Greytown Volunteer Fire Brigade

Brigade History

                        

The first attempt to form a brigade for the small township of Greytown was undertaken as early as May 1874 after fires destroyed various buildings. Unfortunately, this attempt and a couple of further attempts soon after failed. The final stimulus came in October 1881 after the big fire which destroyed both the Workingmen’s Club and the Gentlemen’s Club! These buildings together with a number of other notable buildings including The Rising Sun Hotel, the Bakery, Caselberg’s Store, the Courthouse and Police Station, were destroyed in the two or three years prior to 1881, adding to a total of eleven buildings totally destroyed by fire. It was to be yet another year, following the fire which destroyed R.A. Wakelin’s Sash and Door Factory in 1882 that the residents of Greytown finally gathered the drive and a petition was forwarded to the Government of the day, highlighting the long overdue need for a brigade. A fortnight later on 6th February 1882, a motion was put to the Greytown Borough Council by Cr. E. Gray, “to vote fifty pounds toward the establishment of a brigade, wells, ladders and all contingencies”. The motion was seconded by Cr. Bright and was successfully carried.

The first Captain appointed was Mr. James Baillie, who also acted as Secretary and Treasurer. Captain Baillie very ably commanded the brigade through these early years for four years until 1886, when he was succeeded by Mr. James Maguire. The first station to be established was attached to the Town hall, situated on the corner of Main Street and Church Street.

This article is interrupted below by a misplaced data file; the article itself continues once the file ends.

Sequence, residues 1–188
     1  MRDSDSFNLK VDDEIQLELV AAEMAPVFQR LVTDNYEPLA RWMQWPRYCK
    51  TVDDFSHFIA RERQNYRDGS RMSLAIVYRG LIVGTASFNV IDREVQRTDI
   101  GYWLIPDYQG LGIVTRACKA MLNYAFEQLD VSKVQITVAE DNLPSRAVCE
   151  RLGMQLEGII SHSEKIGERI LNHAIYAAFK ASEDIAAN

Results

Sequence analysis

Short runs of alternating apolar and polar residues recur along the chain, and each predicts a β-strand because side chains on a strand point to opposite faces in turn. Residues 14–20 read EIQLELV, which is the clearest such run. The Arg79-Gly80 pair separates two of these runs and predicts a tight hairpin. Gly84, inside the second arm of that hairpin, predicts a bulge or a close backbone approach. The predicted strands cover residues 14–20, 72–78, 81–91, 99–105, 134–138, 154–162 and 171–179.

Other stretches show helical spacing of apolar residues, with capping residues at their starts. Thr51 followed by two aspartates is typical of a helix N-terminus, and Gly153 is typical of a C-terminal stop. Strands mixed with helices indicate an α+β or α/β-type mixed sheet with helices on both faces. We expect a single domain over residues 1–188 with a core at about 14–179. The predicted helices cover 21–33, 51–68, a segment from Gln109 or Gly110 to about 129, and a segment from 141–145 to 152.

At a meeting of the Greytown Volunteer Fire Brigade held on 11th September 1888, notice was received of the arrival from London of the new fire engine, a Merryweather Hand Pump. This engine arrived on board the “SS Kaikoura” and was awaiting delivery in Wellington.

                         Competition team infront of 1888 Mereweather

Looking to the future, in 1888, James Lewis of the Brigade, on behalf of his wife, Jane Lewis, offered to the brigade a section of land at 163 Main St. The asking price of title was £5. Realising the importance to look forward, the Brigade proposed to accept the offer, the motion was carried unanimously.

On the morning of the 12th October 1889, the brigade received a heavy blow when a disastrous fire destroyed the town hall and station shed. Fortunately the engine had a narrow escape, being removed from its burning shed just in time. However, the brigade which was now an established unit was not daunted by this unfortunate setback and took refuge in Oddfellows Hall for their meetings. On the 28th October, a meeting was held where it was decided that a replacement station must be built immediately. Plans were received almost at once and the subject was brought before the Greytown Borough Council for their assistance to build the new station.  In 1890, the section of land own by the Brigade was transferred to the ratepayers in such a way that it could only be used for Fire Brigade purposes. The Borough council granted £25 towards the estimated £150 cost of the building.

                         Parade down Main St celebrating the 75th Anniversary of the Greytown Fire Brigade

With the passing of the brigades 75th anniversary celebrations, thoughts were put towards a new fire station to be build on the present site, opposite the then Forresters Arms Hotel. In 1962 the new station opened giving Greytown one of the most up to date stations in the country. Standing behind the station is a 12m steel tower, used for hanging hose to dry and contains the siren.

April 1976 saw the end of an era, with legislation requiring the borough council to hand over control of the brigade to the newly formed New Zealand Fire Service Commission. With such administration, it ensured the continuance of training and equipping the brigade, bringing it past its centennial, turning it into the modern fire fighting and rescue unit that it is today.